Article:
Generation of mice with a disruption of the Shank3 gene
Animal procedures were approved by the Mount Sinai School of Medicine and the National Institute of Mental Health Animal Care and Use committees. We made use of gene targeting in Bruce4 C57BL/6 embryonic stem (ES) cells  to generate a mouse line that has loxP sites inserted before exon 4 and after exon 9 (encoding the ankyrin repeats), with the selection cassette (flanked by FRT sites) excised by FLP recombinase. This floxed strategy was chosen to allow us the option of doing conditional (region-specific) knockouts if needed. C57BL/6 was used as the chosen embryonic stem cell line because of the more robust social and cognitive abilities in this line as compared to many of the 129-derived ES lines. For all studies reported here, the floxed allele was first excised by crossing with a CMV-Cre transgenic line (again on a C57BL/6 background) that has ubiquitous Cre expression and a line maintained with a deletion of exons 4 through 9. This Shank3-deficient line was carried forward by crossing heterozygotes with the C57BL/6 strain to maintain a pure C57 background suitable for electrophysiology and behavioral analyses.
Quantitative polymerase chain reaction
RNA was extracted from brain cortex using the RNeasy Mini Kit (Qiagen, Valencia, CA, USA) according to the manufacturer's instructions. cDNA was synthesized with the High Capacity cDNA Reverse Transcription Kit (Applied Biosystems, Carlsbad, CA, USA). The universal probe library (UPL) system (Roche, Indianapolis, IN, USA) was used to perform quantitative polymerase chain reaction (qPCR). Primers located in exons 6 and 7 of Shank3 (NM_021423) were designed using ProbeFinder Software (Roche). Three reference genes (Actb, Gapd and Rpl13a) were used for normalization, and relative expression levels were calculated using qBase software , now available from Biogazelle (Ghent, Belgium). Primer sequences and UPL probe numbers were Shank3, forward tggttggcaagagatccat, reverse ttggccccatagaacaaaag, #1; Actb, forward ggatgcagaaggagattactgc, reverse ccaccgatccacacagagta, #63; Gapd, Fw gccaaaagggtcatcatctc, reverse cacacccatcacaaacatgg, #29; Rpl 13a, forward tccctgctgctctcaagg, reverse gccccaggtaagcaaactt, #41. Unpaired t-tests were used for group comparisons.
PSD fractions were prepared as follows. Hemibrains of wild-type, heterozygous and homozygous Shank3 mice were homogenized in 2-[4-(2-hydroxyethyl)piperazin-1-yl]ethanesulfonic acid (HEPES)-A containing 4 mM HEPES, pH 7.4, 0.32 M sucrose, Protease Inhibitor Cocktail and PhoSTOP Phosphatase Inhibitor Cocktail (both from Roche). Nuclear fractions were precipitated by centrifuging twice at 700 g for 15 min, and the resulting supernatants were further centrifuged at 21,000 g for 15 min. The precipitates were resuspended in HEPES-B containing 4 mM HEPES, pH 7.4, Protease Inhibitor Cocktail and PhoSTOP Phosphatase Inhibitor Cocktail, homogenized and rotated at 4°C for 1 hour. The lysates were centrifuged at 32,000 g for 20 min and washed twice with HEPES-C containing 50 mM HEPES, pH 7.4, 0.5% Triton X-100, Protease Inhibitor Cocktail and PhoSTOP Phosphatase Inhibitor Cocktail. Finally, postsynaptic density fractions were resuspended in HEPES-C containing 1.8% sodium dodecyl sulfate (SDS) and 2.5 M urea. Fifty-two μg of each PSD fraction were loaded to 4-12% SDS-polyacrylamide gel electrophoresis (PAGE gel (Invitrogen, Carlsbad, CA, USA), transferred to polyvinylidene fluoride membrane and immunoblotted with either the N69/46 anti-Shank3 antibody directed against an epitope downstream of the PDZ domain (UC Davis/NIH NeuroMab Facility, Davis, CA) or the anti-ProSAP2 anti-Shank3 antibody directed against the last 100 amino acids of Shank3 (Millipore, Billerica, MA, USA). For βIII tubulin, the membrane was stripped and immunoblotted with an anti-βIII tubulin antibody (Abcam, Cambridge, MA, USA).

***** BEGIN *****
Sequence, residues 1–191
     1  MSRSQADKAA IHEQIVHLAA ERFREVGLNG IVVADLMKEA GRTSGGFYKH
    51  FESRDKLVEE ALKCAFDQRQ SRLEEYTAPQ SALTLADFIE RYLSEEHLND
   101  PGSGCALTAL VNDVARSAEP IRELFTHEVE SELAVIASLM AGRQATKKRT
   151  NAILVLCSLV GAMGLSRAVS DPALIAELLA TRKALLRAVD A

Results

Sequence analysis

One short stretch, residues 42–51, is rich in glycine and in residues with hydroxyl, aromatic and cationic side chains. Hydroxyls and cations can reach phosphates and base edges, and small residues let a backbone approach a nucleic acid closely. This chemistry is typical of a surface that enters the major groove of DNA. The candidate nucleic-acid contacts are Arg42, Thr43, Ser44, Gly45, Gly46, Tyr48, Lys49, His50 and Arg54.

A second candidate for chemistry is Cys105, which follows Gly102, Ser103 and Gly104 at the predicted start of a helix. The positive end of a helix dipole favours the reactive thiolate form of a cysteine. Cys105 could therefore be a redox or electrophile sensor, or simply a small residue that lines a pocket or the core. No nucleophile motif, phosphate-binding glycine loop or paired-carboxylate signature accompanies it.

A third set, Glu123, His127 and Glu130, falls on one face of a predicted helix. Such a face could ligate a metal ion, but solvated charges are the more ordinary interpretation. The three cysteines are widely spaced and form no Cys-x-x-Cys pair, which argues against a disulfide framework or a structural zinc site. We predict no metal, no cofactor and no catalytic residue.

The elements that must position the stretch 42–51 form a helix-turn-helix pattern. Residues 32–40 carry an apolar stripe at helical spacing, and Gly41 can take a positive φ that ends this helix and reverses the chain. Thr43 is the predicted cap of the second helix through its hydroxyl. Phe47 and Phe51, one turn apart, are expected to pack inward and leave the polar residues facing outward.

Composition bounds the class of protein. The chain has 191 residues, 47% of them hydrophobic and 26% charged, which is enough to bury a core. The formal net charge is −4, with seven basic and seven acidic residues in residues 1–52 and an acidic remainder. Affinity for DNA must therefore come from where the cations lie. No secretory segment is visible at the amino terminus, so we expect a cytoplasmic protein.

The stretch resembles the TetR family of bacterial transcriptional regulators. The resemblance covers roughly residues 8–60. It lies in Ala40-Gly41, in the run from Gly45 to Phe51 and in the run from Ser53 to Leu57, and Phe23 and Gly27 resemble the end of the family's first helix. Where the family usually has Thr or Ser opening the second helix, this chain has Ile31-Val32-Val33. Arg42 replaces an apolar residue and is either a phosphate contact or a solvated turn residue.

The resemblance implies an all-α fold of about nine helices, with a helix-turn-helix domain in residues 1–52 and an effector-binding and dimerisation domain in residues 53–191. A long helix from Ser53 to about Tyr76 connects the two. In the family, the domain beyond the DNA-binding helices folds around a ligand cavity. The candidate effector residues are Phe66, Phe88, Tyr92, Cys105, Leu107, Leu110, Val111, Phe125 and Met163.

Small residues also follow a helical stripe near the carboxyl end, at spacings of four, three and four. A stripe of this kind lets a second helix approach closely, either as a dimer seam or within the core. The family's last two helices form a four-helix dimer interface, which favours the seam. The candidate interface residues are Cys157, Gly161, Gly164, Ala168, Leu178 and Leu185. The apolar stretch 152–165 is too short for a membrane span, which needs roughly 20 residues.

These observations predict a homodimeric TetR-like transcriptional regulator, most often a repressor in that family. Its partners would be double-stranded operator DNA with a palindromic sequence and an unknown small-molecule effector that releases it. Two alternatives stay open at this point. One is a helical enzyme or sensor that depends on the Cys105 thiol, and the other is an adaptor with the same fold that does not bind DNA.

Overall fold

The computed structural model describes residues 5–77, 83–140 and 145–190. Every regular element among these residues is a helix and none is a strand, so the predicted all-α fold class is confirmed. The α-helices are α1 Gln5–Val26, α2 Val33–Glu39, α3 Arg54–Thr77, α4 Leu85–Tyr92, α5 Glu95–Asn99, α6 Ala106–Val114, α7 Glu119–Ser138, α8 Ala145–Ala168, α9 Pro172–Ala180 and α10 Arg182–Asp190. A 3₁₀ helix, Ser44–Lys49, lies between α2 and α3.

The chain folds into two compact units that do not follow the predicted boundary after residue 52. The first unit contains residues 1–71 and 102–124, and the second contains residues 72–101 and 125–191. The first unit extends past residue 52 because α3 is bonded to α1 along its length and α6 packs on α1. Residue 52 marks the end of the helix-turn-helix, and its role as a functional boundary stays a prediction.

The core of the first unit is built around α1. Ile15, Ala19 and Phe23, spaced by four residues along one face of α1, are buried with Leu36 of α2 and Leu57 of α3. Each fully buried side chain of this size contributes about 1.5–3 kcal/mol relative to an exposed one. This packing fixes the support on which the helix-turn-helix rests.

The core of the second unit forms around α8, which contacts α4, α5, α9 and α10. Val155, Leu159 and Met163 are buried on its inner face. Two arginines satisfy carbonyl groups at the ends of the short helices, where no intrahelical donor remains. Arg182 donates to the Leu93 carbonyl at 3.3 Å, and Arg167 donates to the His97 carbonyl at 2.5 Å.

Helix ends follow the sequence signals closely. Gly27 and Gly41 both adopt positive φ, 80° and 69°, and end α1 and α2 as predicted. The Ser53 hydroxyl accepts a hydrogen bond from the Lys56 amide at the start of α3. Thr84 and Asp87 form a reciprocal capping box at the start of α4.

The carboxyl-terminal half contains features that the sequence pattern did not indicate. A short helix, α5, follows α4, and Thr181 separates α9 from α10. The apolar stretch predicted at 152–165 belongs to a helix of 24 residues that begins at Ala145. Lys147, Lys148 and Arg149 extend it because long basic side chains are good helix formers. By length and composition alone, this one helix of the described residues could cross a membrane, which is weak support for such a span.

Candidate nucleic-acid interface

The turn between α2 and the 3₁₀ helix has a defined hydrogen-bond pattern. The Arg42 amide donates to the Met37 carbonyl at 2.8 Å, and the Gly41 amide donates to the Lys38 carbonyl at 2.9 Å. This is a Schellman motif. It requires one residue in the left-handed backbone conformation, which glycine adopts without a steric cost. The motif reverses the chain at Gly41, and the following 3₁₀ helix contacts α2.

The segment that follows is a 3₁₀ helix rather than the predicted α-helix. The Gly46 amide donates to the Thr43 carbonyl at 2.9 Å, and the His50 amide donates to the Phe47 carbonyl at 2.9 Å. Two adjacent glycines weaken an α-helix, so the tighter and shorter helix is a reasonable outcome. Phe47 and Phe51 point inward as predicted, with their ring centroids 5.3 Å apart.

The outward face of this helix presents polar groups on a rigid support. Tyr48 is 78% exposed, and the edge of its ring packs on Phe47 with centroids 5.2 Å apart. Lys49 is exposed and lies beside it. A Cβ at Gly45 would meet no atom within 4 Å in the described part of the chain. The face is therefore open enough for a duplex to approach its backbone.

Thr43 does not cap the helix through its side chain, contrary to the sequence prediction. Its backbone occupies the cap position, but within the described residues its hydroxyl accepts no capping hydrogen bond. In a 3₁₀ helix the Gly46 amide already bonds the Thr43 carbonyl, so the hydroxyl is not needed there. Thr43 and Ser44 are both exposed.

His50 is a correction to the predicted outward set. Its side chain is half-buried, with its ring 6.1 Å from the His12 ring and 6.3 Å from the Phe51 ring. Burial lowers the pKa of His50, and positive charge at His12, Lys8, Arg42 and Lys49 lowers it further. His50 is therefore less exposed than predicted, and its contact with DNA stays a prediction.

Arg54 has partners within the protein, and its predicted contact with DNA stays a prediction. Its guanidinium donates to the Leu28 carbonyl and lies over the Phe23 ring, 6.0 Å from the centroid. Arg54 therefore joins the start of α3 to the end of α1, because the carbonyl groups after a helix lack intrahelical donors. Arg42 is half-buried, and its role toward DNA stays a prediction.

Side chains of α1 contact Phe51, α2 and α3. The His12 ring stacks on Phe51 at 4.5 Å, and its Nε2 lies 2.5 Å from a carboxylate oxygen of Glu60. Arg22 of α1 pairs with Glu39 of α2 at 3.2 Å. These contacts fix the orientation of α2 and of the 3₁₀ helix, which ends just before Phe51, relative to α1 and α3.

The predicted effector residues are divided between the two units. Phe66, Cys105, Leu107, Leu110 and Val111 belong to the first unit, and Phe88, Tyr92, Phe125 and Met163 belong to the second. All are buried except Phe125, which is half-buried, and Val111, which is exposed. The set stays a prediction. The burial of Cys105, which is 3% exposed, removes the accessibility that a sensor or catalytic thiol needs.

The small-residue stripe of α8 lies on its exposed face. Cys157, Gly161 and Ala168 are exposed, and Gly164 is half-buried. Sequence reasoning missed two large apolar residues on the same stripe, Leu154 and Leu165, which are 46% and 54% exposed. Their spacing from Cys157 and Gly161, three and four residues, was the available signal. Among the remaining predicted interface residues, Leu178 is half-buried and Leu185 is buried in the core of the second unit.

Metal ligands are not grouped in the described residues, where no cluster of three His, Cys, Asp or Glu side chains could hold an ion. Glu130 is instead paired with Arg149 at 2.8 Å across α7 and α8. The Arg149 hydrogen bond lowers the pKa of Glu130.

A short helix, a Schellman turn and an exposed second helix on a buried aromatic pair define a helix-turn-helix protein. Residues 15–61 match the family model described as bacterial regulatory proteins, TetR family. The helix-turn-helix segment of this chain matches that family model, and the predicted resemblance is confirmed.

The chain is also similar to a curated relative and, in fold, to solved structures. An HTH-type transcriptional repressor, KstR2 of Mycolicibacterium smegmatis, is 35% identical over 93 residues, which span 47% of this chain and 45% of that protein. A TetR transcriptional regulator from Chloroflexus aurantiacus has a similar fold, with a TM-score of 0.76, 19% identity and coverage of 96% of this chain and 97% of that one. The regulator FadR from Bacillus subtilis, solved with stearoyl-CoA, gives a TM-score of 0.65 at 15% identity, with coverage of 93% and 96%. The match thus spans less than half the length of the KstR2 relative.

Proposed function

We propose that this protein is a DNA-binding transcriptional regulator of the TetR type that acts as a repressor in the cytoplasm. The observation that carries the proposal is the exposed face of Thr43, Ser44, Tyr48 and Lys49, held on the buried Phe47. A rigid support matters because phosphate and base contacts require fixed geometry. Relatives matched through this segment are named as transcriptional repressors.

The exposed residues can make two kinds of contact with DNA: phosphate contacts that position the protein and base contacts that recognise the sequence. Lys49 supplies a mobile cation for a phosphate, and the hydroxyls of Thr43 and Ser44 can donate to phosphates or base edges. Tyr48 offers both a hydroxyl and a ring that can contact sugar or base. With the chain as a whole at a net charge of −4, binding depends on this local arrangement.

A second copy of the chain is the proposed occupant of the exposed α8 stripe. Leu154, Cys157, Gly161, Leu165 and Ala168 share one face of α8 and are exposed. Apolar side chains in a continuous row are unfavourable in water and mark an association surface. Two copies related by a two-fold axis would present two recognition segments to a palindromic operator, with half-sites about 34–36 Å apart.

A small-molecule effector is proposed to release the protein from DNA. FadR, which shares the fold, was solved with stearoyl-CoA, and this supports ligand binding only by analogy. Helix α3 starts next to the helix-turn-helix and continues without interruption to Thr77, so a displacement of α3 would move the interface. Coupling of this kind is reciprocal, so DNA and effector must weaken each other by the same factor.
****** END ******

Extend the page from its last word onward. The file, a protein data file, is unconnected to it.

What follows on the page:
Hippocampal slice electrophysiology
Whole cell recording, two-photon time-lapse imaging and analysis
Methods of recording, imaging and analysis were carried out according to our previously published protocols [34, 35]. All experiments were conducted on CA1 pyramidal cells at 32°C in acute slices taken from Shank3 heterozygous mice and wild-type littermates. Spines were visualized using calcein contained in the patch pipette, making use of a two-photon laser scanning system modified from Olympus Fluoview FV 300 driven by a Chameleon two-photon laser (Coherent, Santa Clara, CA, USA). Baseline synaptic responses were evoked using a glass pipette positioned ~20 μm away from the imaged spines and recorded at the soma. Long-term potentiation (LTP) was induced with a θ-burst pairing (TBP) protocol in which two trains of θ-burst stimuli (each train, separated by 20 s, consisted of five bursts at 5 Hz, and each burst contained five pulses at 100 Hz) were paired with brief, small postsynaptic depolarization. Volume analysis of individual spines was performed as detailed previously . Briefly, the integrated fluorescence intensity inside a spine head was measured for individual spines at different time points and normalized to the fluorescence intensity of the dendrites from the same image stack to correct for potential changes in excitation . Spine volume in the θ-burst stimulation (TBS) experiments was also calculated using the Rayburst algorithm in NeuronStudio software (available from the Computational Neurobiology and Imaging Center, Mount Sinai School of Medicine, New York, NY, USA) following deconvolution of the data [37–39], and we obtained similar results using either approach.